Next Article in Journal
The Coupling of Treeline Elevation and Temperature is Mediated by Non-Thermal Factors on the Tibetan Plateau
Next Article in Special Issue
The Plight of Migrant Birds Wintering in the Caribbean: Rainfall Effects in the Annual Cycle
Previous Article in Journal
Dynamics of Wood Pulp Production: Evidence from OECD Countries
Previous Article in Special Issue
Trailblazing the Carbon Cycle of Tropical Forests from Puerto Rico
Article Menu
Issue 4 (April) cover image

Export Article

Open AccessArticle
Forests 2017, 8(4), 108; doi:10.3390/f8040108

The Dynamics of Deforestation in the Wet and Dry Tropics: A Comparison with Policy Implications

Departments of Human Ecology and Sociology, Rutgers University, New Brunswick, NJ 08901, USA
Academic Editors: Grizelle Gonzalez and Ariel Lugo
Received: 4 March 2017 / Revised: 28 March 2017 / Accepted: 1 April 2017 / Published: 5 April 2017
(This article belongs to the Special Issue Tropical Forest Ecology and Management for the Anthropocene)
View Full-Text   |   Download PDF [834 KB, uploaded 6 April 2017]   |  

Abstract

Forests in the dry tropics differ significantly from forests in the humid tropics in their biomass and in their socio-ecological contexts, so it might be reasonable to assume that the dynamics that drive deforestation in these two settings would also differ. Until recently, difficulties in measuring the extent of dry tropical forests have made it difficult to investigate this claim empirically. The release of high resolution LANDSAT satellite imagery in 2013 has removed this impediment, making it possible to identify variations in the extent of wet and dry forests within countries by measuring variations in the canopy cover of their forests. These metrics have in turn made it possible to investigate human differences in the dynamics of deforestation between dry forested and wet forested nations in the tropics. Cross-national analyses suggest that international trade in agricultural commodities plays a more important role in driving deforestation in the wet tropics than it does in the dry tropics. The variable salience of international trade as a driver has important implications, described here, for the success of policies designed to slow deforestation in the dry tropics and the wet tropics. Curbing dry forest losses, in particular, would appear to require locally focused and administered policies. View Full-Text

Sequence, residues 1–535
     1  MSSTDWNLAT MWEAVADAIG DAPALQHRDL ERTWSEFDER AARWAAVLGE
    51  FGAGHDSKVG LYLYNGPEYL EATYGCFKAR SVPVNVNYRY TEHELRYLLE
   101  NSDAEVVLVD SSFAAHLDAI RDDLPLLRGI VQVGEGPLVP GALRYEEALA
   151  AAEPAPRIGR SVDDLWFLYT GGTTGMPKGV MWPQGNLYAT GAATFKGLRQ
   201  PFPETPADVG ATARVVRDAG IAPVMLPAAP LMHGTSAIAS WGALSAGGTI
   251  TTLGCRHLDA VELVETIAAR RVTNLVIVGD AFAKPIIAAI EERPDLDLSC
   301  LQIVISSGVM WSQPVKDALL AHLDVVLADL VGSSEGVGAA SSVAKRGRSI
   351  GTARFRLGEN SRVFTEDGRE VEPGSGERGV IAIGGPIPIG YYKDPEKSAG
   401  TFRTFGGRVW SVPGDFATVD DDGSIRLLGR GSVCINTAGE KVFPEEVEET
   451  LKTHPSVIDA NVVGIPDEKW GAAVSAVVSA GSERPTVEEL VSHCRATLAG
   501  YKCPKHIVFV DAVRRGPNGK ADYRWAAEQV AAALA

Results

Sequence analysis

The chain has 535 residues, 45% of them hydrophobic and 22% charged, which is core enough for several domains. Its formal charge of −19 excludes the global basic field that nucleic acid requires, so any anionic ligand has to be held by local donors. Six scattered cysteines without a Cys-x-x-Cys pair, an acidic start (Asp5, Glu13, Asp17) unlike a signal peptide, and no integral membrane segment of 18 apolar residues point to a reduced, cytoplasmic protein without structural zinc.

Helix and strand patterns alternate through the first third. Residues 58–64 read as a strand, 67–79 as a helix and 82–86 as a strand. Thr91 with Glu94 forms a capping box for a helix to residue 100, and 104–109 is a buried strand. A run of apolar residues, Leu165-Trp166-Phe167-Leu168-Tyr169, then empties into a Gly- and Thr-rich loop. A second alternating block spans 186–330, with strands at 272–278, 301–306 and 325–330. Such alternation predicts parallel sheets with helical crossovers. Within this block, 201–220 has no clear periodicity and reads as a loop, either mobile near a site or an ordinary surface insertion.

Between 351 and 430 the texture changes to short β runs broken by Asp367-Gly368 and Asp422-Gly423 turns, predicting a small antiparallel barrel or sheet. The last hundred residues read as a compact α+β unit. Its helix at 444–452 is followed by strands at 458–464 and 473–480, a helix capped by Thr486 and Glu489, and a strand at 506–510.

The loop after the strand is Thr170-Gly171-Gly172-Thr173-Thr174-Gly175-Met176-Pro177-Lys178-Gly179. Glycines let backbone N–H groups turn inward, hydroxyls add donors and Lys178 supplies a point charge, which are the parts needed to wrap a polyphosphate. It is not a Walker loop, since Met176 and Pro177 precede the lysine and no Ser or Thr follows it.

Keywords: dry tropical forests; humid tropical forests; tropical deforestation dry tropical forests; humid tropical forests; tropical deforestation
Figures

Figure 1

This is an open access article distributed under the Creative Commons Attribution License which permits unrestricted use, distribution, and reproduction in any medium, provided the original work is properly cited. (CC BY 4.0).

Scifeed alert for new publications

Never miss any articles matching your research from any publisher
  • Get alerts for new papers matching your research
  • Find out the new papers from selected authors
  • Updated daily for 49'000+ journals and 6000+ publishers
  • Define your Scifeed now

SciFeed Share & Cite This Article

MDPI and ACS Style

Rudel, T.K. The Dynamics of Deforestation in the Wet and Dry Tropics: A Comparison with Policy Implications. Forests 2017, 8, 108.

Show more citation formats Show less citations formats

Note that from the first issue of 2016, MDPI journals use article numbers instead of page numbers. See further details here.

Related Articles

Article Metrics

Article Access Statistics

1

Comments

[Return to top]
Forests EISSN 1999-4907 Published by MDPI AG, Basel, Switzerland RSS E-Mail Table of Contents Alert
Back to Top